Categories: Computer Science

The Microphone, Its Types & Uses

In this article, we are going to explain to you about the microphone and its different types. Have you ever wondered what a microphone is and how it works? We must first have a brief definition of a microphone.

What is a Microphone?

A microphone is a type of input device or sensor that switches sound into an electric current. It is also known as Mic. A microphone is a device that converts sound into electricity, as well as a sensor that transforms sound into electrical signals.

Components Of Microphone

Different microphones have diverse ways of translating sound. The components inside the microphone depend on what purpose the microphone was meant for. In fact, the components that make up a microphone are directly related to the sound quality. These components are:


Microphones usually have protective barriers on their head made of hard metal. Just below this protector is the windscreen. Almost all microphones have a built-in windshield. But for use in the studio or even outdoors where the wind can be annoying, it is better to use a pop filter. The windshield is a thin layer of foam used to prevent air from entering the diaphragm and making unnecessary noises.


The diaphragm is part of a microphone that is very similar to our eardrum. When sound waves strike the piece, it vibrates, and the microphone converts the same vibration into an electrical signal. The aperture can be considered the biggest factor in the sound quality of a Mic.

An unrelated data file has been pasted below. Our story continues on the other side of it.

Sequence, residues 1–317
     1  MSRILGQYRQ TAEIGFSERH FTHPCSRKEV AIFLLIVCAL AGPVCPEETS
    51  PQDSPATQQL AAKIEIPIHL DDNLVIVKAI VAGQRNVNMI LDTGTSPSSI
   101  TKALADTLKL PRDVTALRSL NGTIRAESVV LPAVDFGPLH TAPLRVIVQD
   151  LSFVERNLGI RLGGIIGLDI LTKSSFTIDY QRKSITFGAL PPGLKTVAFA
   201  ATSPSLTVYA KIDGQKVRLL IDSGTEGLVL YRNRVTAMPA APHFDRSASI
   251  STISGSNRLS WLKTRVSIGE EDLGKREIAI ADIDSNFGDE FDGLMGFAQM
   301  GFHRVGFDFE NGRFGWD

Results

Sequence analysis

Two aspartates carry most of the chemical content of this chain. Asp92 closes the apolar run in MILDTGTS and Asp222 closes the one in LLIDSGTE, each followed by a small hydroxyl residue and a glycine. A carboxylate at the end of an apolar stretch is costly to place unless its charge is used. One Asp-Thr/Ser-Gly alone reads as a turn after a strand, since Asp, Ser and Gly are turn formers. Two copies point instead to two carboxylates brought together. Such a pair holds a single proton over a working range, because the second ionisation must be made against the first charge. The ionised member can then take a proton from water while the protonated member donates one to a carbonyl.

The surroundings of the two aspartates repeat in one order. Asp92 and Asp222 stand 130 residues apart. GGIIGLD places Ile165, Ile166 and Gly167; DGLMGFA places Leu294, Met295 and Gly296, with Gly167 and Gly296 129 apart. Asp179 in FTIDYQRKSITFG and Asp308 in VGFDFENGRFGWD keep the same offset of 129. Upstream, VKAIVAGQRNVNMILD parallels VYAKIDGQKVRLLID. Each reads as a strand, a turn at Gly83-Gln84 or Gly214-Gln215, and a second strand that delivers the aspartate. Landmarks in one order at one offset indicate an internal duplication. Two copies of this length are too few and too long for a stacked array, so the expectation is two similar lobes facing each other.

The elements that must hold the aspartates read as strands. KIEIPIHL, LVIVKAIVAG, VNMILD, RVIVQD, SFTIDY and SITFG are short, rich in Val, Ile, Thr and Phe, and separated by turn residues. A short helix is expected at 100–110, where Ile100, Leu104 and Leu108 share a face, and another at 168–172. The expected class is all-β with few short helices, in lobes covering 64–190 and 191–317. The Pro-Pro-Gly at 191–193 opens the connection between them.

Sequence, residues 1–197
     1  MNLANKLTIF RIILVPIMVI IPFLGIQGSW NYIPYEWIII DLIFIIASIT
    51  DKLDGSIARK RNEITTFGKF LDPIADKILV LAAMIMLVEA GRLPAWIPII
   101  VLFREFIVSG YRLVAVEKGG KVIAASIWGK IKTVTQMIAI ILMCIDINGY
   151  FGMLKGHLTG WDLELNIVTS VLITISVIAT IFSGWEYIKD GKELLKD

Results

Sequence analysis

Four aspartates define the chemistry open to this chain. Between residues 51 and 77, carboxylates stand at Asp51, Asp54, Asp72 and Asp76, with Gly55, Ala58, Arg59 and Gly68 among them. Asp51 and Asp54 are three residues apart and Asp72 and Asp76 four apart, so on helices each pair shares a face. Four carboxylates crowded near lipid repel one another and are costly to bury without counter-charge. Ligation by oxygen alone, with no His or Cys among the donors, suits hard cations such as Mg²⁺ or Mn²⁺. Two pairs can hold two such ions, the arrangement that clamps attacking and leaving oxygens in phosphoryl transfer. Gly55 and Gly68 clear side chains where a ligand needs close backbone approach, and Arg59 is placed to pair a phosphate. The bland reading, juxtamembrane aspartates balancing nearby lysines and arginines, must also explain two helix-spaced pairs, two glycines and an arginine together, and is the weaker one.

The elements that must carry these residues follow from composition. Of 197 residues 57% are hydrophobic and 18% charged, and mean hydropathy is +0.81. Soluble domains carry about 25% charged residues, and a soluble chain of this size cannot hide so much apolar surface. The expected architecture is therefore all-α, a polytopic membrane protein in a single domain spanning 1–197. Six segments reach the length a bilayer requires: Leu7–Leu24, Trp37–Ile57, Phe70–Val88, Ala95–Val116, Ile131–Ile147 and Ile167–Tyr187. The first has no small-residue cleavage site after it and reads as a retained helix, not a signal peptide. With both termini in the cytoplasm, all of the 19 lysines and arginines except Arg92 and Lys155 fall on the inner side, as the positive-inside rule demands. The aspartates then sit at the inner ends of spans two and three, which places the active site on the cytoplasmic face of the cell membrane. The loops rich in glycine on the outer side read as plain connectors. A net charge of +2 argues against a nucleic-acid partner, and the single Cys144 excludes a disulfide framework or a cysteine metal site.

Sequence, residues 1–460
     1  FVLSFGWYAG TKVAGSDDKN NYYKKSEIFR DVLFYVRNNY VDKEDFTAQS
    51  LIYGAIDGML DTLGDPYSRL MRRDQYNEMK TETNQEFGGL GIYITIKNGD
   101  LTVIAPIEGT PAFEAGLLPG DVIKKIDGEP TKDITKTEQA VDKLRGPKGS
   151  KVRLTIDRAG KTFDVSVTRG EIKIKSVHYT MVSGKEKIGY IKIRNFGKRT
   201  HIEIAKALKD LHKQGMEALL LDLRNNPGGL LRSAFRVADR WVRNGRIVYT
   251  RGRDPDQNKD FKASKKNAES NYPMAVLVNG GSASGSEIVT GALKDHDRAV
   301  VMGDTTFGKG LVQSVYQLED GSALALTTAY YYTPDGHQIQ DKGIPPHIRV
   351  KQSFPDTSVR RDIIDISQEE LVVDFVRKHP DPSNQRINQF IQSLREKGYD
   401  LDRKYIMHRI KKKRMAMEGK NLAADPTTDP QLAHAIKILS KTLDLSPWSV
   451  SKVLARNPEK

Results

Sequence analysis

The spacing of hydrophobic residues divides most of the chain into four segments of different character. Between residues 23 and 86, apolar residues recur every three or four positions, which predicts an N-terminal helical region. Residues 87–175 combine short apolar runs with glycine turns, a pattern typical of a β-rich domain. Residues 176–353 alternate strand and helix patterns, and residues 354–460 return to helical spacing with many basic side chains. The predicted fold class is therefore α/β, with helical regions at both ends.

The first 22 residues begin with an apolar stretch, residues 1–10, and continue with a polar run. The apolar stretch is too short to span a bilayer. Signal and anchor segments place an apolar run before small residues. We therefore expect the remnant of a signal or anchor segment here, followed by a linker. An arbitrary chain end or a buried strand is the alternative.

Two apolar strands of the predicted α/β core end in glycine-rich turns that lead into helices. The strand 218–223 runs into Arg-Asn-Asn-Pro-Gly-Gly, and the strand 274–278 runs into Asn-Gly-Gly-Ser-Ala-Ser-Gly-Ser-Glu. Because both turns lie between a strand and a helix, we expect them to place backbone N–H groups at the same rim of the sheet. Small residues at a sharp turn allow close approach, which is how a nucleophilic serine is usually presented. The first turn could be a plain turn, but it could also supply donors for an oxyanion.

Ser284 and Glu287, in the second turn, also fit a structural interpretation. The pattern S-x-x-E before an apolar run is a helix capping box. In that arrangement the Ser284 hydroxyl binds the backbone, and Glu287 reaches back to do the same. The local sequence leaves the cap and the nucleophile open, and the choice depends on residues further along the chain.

In this type of microphone, the coil is connected to the diaphragm and when it vibrates, the coil also vibrates.

Magnetic Core

This piece is also unique to dynamic microphones. The magnetic core creates a magnetic field in which the vibration of the coil generates an electrical signal.


In any microphone, the capsule is where sound is converted from vibration to electrical signal. In dynamic microphones, the coil and core are separate from the capsule. Some Mics need the power to make the capsule work, but there are some types of microphones that do not.


The body of the microphone probably has the least to do with sound quality and the most to do with the lifespan of your microphone. The body of the mic is like the body of a car. Good microphones have a sturdy body with their electronics cleverly placed inside them to withstand the shock, fall, and other events that may occur during a microphone’s lifetime.


This is where you connect the cable to the microphone. The cable type for microphones is XLR by default.